The pathologist "said something along the lines of 'Yes, it's my opinion that the lock struck Trooper Donahue and caused this mortal wound,'" he continues. "And Harvey stood up and said, 'That's not in her report. That's extra information. The prosecution never gave that to us.'"
Judge Whitaker reacted by clearing the courtroom. Shortly thereafter, the pathologist said this theory had come up the Monday before the trial during pre-trial conversations with prosecutors, "but our guys said, 'That's not what we recall,'" Braucher allows. "So the judge went back and considered everything and then said, 'Based on these two things, we have to come back and do this trial again,' and set an October 26 date for any additional hearings."
More wild cards could be dealt before then. "I presume Harvey will file additional motions saying that we need to take other steps by way of sanctions," Brauchler acknowledges. When asked if that could further delay a new trial, which is currently set for February 12, 2019, he replies, "Boy, I hope not."
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As for how he feels about the mistrial, Brauchler frames his reaction in terms of Donahue's family: "I'm completely frustrated that this happened. Over the past two years, I've gotten to know Cody's widow, Velma, and his sister, Erin, and for them, this case really represents the last formal business of his death. I cannot imagine what it takes to get yourself steeled for something as emotional as this and go into court thinking, 'One way or another, it's all going to be over,' and then to have something like this happen and realize, 'It's not going to be over. It's going to take five or six more months.' I just feel horrible for them. They deserve closure. They need closure and they don't have it."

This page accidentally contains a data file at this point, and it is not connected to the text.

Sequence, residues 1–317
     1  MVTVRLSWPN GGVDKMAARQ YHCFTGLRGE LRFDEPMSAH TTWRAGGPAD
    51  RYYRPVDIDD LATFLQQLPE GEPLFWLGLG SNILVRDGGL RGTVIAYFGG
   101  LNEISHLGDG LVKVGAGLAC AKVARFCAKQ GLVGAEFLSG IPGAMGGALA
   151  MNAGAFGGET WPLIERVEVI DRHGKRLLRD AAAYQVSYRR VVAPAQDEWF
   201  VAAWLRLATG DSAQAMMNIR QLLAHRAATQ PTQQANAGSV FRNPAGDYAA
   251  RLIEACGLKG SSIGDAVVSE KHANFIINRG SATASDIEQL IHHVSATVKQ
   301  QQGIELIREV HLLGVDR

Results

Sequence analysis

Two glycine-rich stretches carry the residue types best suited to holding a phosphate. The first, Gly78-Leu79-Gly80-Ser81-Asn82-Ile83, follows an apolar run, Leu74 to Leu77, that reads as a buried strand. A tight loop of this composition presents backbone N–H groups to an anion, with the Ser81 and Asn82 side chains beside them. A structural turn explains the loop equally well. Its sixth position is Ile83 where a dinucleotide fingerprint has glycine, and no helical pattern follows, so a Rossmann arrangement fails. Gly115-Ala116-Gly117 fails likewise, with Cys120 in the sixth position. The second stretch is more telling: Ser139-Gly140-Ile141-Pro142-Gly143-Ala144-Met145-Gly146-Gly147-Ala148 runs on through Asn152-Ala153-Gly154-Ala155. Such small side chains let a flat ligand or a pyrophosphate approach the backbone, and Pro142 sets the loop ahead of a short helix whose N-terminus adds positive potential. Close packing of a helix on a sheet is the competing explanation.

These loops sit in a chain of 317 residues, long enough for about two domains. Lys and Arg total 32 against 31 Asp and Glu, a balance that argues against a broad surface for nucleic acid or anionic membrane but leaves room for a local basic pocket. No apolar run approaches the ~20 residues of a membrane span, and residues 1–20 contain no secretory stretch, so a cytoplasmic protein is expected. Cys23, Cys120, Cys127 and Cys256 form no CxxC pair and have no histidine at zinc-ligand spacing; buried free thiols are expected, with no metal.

Could supporters of Democratic Attorney General nominee Phil Weiser use the Donahue mistrial as a cudgel with which to bash Brauchler's reputation as a prosecutor — a cornerstone of his campaign? Doing so could be tempting, particularly given the timing of the potentially fiery October 26 hearing; a knowledgeable source tells Westword that Judge Whitaker was fuming over the prosecutors' alleged oversights.
For his part, Brauchler wouldn't be surprised by this tactic. "I think there's a level of desperation politically in some candidates, where they will try to make hay out of anything they possibly can. It's one of the worst parts of modern politics and it discourages people from getting involved, because they know anything can be used to not just win but to destroy another person. But at no time did I ever tell my guys, 'No matter what, let's make sure this hearing is after the election.' I'm not built like that. I take my duty more seriously than any political aspiration I possibly can have."
He adds, "I'm more than happy to talk about the things that go right and the things that go wrong in the cases we handle. And I would trust that the public would view any political tack for what it is."